In the later production brass blow torches, you will notice many holes in the burner head. Some of them will be close to the rear of the torch, while others will be found at the flame end of the torch. During the operation of the torch, the observer will notice small flames protruding from the holes in the flame end of the burner head. This group of holes are there to keep the burner head hot during operation. This in turn ensures that the torch will stay burning even in cold surroundings. The holes at the orifice end of the burner head function as an air intake so the evaporated fuel can mix with air, which is vital for combustion. In some of the Otto Burnz blow torches, the air intake is a triangular shaped hole rather than the round holes common in other makes of torches.
It is vital for the burner head to be at a high enough temperature for the torch to work properly. If the burner head is not hot enough, the flame will be yellow and wimpy rather than blue and roaring. Another symptom is that the raw gasoline will shoot out about three feet and catch on fire. What you have is a flame thrower and not a blow torch! If this happens, it is an indication that the burner head is not hot enough and should be shut down and reheated to the proper starting temperature.
During operation, the wick tube heats up due to its physical connection to the burner head. This heat is conducted into the tank where it heats up the raw gasoline, which helps maintain pressure inside the tank as the fuel is burned. At no time should the tank get so hot that it becomes uncomfortable to hold your hand on the front of the tank. The automatic pressurization is why it is not good to see how much pressure you can pump into a torch by overpumping it. It accomplishes nothing by doing this. You may actually cause a leak to develop!
Begin the physical exam by checking the blow torch tank. Examine it for any cracks or corrosion that may be close to eating through. If it has a fill plug, remove it. Check the threads for damage. Check the fill plug threads as well. Most fill plugs have a lead ring that acts as a gasket. Paint the gasket with white-out and screw the plug back in snugly. Remove it again and make sure the white-out is evenly worn. This indicates that there is good contact between the tank and the fill plug. Hold the tank and attempt to twist the burner head. This test will indicate if the nipple coupling in the tank is tight. Some torches get loose at this point. Check the handle and handle bracket looking for signs of metal fatigue. Make sure the drive screws that hold the handle in place are secure.
We now move on to the pump. Unscrew the pump from the torch and examine it for dents or other mechanical damage. Unscrew the brass cap that holds the plunger in place and remove the plunger. Now, examine the leather by slightly bending it away from the cup washer and see if the leather has a tendency to crack. If it does, it will have to be replaced. If the leather does not break or fall apart, liberally oil it with ordinary motor oil and 'work' it to limber it up, looking for further signs of cracking. Examine the hardware that holds the leather in place. If it is all rusty, replace all common hardware with new and carefully buff all rust from the other parts. Most pump handles have a spring. Verify that this spring is in place and that it is healthy. Replace as necessary and Reassemble the pump.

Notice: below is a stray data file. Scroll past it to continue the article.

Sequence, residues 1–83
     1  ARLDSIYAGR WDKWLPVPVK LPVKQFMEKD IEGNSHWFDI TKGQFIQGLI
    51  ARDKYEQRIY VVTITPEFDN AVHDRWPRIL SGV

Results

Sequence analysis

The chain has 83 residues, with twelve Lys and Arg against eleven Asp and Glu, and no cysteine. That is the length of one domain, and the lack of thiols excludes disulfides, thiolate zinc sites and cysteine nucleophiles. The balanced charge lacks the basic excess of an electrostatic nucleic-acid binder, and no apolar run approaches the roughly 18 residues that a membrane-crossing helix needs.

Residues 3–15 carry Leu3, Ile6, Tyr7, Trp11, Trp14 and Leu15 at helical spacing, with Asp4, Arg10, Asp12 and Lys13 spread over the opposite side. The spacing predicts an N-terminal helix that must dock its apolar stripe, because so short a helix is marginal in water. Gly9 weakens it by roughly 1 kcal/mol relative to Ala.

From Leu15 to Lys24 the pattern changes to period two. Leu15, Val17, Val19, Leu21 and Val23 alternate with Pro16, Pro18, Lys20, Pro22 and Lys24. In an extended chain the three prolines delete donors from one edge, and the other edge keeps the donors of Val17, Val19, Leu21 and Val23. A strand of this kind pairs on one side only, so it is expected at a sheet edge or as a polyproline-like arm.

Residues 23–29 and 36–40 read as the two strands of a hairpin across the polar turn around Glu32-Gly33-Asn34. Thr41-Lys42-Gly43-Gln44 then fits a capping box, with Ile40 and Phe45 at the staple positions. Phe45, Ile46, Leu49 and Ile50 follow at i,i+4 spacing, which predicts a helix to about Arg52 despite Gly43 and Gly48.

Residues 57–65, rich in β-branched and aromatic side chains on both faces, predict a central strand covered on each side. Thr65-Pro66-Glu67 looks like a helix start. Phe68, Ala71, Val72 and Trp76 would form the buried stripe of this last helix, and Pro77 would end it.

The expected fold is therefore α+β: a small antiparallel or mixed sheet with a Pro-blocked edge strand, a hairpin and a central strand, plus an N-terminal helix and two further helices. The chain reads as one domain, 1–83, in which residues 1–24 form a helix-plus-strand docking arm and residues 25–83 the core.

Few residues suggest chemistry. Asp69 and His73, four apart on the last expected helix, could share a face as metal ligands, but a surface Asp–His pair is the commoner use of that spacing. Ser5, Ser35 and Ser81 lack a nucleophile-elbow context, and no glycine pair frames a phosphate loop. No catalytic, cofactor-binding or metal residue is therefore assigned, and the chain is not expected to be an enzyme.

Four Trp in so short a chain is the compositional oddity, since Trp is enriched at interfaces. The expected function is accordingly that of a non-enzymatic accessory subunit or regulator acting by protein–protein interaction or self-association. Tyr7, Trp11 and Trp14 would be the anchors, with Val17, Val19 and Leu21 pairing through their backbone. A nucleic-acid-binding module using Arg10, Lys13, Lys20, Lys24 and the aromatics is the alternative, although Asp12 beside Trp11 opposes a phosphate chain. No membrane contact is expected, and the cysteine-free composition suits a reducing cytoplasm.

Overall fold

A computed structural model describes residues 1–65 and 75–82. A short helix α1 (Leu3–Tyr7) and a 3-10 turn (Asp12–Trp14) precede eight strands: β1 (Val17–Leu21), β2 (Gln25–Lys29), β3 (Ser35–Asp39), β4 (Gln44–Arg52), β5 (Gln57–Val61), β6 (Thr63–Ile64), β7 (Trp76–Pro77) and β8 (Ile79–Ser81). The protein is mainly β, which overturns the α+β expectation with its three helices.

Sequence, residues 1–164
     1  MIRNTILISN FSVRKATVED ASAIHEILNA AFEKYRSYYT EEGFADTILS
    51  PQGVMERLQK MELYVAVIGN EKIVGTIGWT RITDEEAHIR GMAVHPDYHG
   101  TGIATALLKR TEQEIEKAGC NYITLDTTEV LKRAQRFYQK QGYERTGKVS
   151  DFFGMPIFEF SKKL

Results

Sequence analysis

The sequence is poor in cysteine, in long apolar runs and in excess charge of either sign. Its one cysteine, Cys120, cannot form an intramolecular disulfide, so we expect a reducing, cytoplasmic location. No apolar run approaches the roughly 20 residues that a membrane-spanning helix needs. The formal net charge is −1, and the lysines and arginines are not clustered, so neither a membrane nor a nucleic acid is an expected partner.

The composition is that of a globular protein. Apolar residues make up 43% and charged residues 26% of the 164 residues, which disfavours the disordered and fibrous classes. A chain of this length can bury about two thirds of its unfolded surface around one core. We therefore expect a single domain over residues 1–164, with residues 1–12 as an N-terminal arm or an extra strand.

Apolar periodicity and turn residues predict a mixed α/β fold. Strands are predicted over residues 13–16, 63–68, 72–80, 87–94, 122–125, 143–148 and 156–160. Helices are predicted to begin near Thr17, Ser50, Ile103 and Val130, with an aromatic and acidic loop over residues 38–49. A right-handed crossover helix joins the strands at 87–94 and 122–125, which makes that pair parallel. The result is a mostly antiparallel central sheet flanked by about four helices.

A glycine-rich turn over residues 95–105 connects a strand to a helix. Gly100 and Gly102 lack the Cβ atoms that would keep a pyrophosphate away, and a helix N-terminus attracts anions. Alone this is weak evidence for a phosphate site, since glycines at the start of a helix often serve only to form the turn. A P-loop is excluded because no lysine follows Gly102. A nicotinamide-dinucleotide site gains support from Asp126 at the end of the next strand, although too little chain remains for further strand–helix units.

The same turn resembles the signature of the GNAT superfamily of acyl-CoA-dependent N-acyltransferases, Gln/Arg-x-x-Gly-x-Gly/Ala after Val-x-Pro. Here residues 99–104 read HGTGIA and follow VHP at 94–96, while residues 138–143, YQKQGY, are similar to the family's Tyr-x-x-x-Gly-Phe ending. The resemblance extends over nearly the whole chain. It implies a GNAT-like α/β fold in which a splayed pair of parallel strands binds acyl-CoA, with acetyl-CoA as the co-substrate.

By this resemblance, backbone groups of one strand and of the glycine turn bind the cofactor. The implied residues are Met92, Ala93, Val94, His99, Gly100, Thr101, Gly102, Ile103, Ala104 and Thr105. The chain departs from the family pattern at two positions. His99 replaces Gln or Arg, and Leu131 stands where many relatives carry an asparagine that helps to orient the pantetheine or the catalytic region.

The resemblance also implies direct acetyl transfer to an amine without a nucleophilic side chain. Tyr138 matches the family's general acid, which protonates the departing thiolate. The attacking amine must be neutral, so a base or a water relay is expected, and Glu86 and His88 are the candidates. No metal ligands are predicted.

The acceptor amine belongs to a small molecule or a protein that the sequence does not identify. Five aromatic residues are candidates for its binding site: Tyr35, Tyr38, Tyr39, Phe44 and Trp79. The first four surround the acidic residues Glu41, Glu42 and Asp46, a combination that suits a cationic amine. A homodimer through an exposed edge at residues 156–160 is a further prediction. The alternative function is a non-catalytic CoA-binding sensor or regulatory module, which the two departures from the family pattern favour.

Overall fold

Next, examine the check valve. Each manufacturer has their own style so you will have to figure out how to safely take it apart. There is a spring inside, so do the disassembly somewhere where small parts that may fly out will not get away from you. Make sure that the brass check valve plunger is clean. Look inside the plunger and make sure that the packing is intact. Usually, this is a little block of cork and is frequently rotted or missing. Verify that the plunger spring is clean and that it can move freely inside the check valve body. Often times the opening at the bottom of the pump chamber is plugged up, especially if the cork has rotted. Check this opening and clean it out if required. When you are satisfied that the check valve has been completely checked out, reassemble the check valve and set the pump assembly aside for now.
Remove the valve stem and packing nut from the back of the burner head. Unscrew the valve stem and packing nut at the same time; Remove them as an assembly. If you totally unscrew the valve stem from the packing nut, you can grind down the packing in the process of unscrewing the valve stem and thus create a leak. You don't want to do that. Carefully examine the valve stem and look for corrosion and/or carbon buildup and clean all this rust and other buildup off of the valve stem. When you are done, you should have a shiny, like new looking valve stem. Make sure that the packing nut is tight on the valve stem. If it is not, you will have to repack it with graphite packing string. Hold the torch up to an incandescent bulb and aim it at the light while you look down the end of the burner head where the valve stem was removed. You should be able to look through the orifice, which is about .014 inch in diameter. If you cannot see through it, obviously it is plugged. Use some appropriately sized steel music wire to open the orifice, but do not force anything too big through the orifice! Doing so will enlarge it and ruin the burner head. Take a small wire brush and clean the valve stem nest completely.
We now move on to the fuel passageways in the burner head. Not all torches have these passageways; Whatever the fuel path is from the input of the burner head to the orifice, it MUST be spotlessly CLEAN! Most torches have 8-32 or similar screws in the burner head that can be removed to inspect/clean the passageways and it is common for these to fill with carbon deposits. Look for this and clean it out if you see any. Clean out ALL traces of carbon from the fuel path. The screws may be hard to remove from a cold burner. Do not force the issue or you will break the screws! The best trick is to heat the burner head up with...eh...a blow torch and get it very hot! Now, the screws should come right out.